Davy Byrnes, immortalised by Joyce in ‘Ulysses’, for sale at €6m
Famous Dublin pub, on Duke Street, is the go-to watering hole on Bloomsday
Davy Byrnes pub: the Dublin business comes with a 900-year lease. Photograph: Dara Mac Dónaill/The Irish Times
Another bit of dear dirty Dublin, as James Joyce had it, is set for change. Davy Byrnes, the landmark pub on Duke Street, beloved of Leopold Bloom, of students and politicians and other such chancers, of business types, artists and highfalutin ladies, where a fellow might get a cheque cashed if he was lucky, is up for sale.
A moral pub, wrote Joyce, as if such a thing were possible, when he planted Bloom there on that famous day in Dublin that he immortalised in Ulysses. “He entered Davy Byrnes, ” Joyce wrote of his wanderer. “Moral pub. He doesn’t chat. Stands a drink now and then. But in a leap year once in four. Cashed a cheque for me once.”
And in his wonderful, colourful, vivid way, the author painted his picture in words.“Davy Byrne came forward from the hindbar in tuckstitched shirtsleeves, cleaning his lips with two wipes of his napkin. Herring’s blush. Whose smile upon each feature plays with such and such replete. Too much fat on the parsnips.
“And here’s himself and pepper on him, Nosey Flynn said. Can you give us a good one for the Gold Cup?
“I’m off that, Mr Flynn, Davy Byrne answered. I never put anything on a horse.
“You’re right there, Nosey Flynn said.”
Strictly speaking, the name over the door, writ large in neat, flowing script, should be Davy Byrne’s, given that it was the premises of Mr Byrne, and not one of a pair. But as the apostrophe was absent from Ulysses, subsequent custodians thought better of correcting Joyce.
Davy Byrne, who came from Wicklow and opened the pub in 1889, hung up his apron in 1939. By then it had earned its place in history (quite apart from its place in literature). The guerrilla leader Michael Collins and Arthur Griffith, the pro-monarchy founder of Sinn Féin, met there frequently, as did the provisional cabinet. According to the pub’s account of its own history, “an officious barman clearing the premises at closing called, ‘Time, gentlemen please,’ to which one customer replied, ‘Time be damned! The government is sitting upstairs.’ ”
In 1942 it was acquired by the Doran family of Marlborough Street, father and three sons turning it into what it is today. “It’s one of those iconic pubs of Dublin,” says its manager Redmond Doran, one of the three, who are all now in their 70s. “Everyone knows it because it’s always been at the centre of things happening in Dublin.”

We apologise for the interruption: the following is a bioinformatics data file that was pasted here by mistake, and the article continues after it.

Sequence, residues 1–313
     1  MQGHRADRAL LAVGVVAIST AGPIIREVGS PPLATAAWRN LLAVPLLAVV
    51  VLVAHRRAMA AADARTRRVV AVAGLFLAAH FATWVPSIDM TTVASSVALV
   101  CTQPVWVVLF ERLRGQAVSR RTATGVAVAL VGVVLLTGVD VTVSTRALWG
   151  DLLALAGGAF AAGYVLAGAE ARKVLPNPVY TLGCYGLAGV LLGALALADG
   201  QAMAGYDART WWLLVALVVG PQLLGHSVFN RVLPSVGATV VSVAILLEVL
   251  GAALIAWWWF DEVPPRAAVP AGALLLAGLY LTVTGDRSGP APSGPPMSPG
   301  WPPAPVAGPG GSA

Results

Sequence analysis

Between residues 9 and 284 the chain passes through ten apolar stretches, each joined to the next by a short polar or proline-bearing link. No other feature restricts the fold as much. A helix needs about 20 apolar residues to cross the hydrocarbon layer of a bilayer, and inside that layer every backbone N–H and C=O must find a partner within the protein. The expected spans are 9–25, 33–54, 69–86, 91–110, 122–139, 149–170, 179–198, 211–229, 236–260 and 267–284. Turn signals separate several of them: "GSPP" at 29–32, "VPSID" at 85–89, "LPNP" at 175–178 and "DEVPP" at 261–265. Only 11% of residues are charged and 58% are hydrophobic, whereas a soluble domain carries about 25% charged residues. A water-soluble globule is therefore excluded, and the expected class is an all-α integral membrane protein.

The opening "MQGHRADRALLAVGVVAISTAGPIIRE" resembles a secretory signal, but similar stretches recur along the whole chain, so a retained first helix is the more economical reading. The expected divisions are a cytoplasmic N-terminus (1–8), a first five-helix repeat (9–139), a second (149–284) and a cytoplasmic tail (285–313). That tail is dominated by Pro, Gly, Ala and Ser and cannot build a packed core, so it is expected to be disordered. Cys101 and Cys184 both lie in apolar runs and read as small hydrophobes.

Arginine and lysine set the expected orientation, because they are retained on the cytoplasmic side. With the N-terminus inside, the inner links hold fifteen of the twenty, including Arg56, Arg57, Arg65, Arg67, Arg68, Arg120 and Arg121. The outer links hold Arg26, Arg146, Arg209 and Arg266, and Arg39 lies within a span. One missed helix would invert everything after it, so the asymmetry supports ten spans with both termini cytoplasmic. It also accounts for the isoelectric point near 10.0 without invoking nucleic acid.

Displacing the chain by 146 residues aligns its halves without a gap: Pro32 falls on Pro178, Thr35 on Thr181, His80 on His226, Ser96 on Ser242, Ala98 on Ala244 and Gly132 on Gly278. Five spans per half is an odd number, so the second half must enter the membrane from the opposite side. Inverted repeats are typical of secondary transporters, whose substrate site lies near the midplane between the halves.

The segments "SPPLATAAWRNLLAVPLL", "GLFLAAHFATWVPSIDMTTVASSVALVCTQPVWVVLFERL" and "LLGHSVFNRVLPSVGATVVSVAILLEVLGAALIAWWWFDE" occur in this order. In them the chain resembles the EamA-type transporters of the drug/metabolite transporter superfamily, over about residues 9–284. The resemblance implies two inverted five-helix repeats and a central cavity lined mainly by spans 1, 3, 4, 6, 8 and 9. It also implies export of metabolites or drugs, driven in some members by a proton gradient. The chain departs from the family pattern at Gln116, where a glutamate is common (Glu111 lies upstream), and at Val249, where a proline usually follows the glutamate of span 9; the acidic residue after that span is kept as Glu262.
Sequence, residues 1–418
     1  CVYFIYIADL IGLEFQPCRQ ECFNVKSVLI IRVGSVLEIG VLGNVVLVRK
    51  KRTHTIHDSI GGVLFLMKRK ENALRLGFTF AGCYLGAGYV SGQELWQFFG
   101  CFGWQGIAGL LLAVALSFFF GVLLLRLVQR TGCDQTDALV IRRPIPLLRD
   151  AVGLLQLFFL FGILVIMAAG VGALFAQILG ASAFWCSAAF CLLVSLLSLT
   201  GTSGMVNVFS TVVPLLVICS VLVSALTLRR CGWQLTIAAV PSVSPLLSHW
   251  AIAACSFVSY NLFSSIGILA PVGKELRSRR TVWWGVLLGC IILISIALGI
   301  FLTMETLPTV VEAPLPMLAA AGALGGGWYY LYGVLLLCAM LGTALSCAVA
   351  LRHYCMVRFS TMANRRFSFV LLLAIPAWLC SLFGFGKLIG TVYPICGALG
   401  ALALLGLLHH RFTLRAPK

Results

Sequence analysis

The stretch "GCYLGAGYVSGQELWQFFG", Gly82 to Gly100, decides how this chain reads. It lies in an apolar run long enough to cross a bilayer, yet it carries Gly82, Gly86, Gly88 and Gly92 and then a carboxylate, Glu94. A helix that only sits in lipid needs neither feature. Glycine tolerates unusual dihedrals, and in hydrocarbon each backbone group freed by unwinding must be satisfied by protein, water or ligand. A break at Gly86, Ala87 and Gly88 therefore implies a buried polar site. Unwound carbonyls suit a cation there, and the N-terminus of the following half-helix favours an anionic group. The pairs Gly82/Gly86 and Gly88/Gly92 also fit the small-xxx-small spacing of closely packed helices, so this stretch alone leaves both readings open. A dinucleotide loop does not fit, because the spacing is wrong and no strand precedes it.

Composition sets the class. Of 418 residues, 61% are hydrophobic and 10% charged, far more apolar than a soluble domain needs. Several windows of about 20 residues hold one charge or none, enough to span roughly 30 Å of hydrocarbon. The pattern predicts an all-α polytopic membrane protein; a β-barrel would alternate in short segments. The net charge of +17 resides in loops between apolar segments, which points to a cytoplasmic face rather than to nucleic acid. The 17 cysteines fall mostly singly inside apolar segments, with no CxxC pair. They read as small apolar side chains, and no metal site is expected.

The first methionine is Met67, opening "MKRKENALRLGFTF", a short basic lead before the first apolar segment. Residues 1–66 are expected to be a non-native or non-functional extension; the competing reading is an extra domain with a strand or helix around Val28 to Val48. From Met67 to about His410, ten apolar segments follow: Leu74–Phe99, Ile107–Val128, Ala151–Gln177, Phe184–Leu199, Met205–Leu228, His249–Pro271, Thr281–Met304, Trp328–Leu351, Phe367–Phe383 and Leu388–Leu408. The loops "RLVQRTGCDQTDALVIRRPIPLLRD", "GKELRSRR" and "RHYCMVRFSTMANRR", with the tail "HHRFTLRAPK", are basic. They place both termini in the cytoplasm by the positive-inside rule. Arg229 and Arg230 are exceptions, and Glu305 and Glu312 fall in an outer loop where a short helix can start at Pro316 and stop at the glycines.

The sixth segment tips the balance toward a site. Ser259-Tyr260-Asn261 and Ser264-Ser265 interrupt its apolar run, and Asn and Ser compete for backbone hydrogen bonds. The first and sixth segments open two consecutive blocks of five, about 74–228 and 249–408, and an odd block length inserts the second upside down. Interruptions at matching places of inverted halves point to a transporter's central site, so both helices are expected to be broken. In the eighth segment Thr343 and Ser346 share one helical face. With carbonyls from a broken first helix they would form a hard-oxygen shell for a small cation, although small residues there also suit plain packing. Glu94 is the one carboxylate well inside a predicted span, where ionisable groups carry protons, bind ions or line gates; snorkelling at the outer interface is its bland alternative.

Selling Davy Byrnes Ltd, and the 900-year lease that goes with 21 Duke Street (offers in excess of €6 million to John P Younge of Lower Pembroke Street) was always going to be a bit of a wrench, but the time had come, as none of the next generation was in the business.
There’s a beer-, wine- and spirit-filled basement and that famous walk-in ground-floor bar. The first floor is given over to staff rooms and kitchens. What looks from Duke Street like a second floor is actually a fake facade: there is none. But there is a flat-roofed lounge extension at the back and, to suit current taste, pavement seating on Duke Street. Also in keeping with contemporary demands, food is a very significant part of the business now – oysters and Guinness and lots of fish. Pheasant will be back on the menu any day.
The place is a thriving business and a go-to destination every June 16th. Bloom would surely be happy, on his or any other day, munching away on his Gorgonzola sandwich washed down with a glass of burgundy.
“Mr Bloom ate his strips of sandwich, fresh clean bread, with relish of disgust, pungent mustard, the feety savour of green cheese. Sips of his wine soothed his palate. Not logwood that. Tastes fuller this weather with the chill off.
“Nice quiet bar. Nice piece of wood in that counter. Nicely planed. Like the way it curves there.”
Nice bar indeed.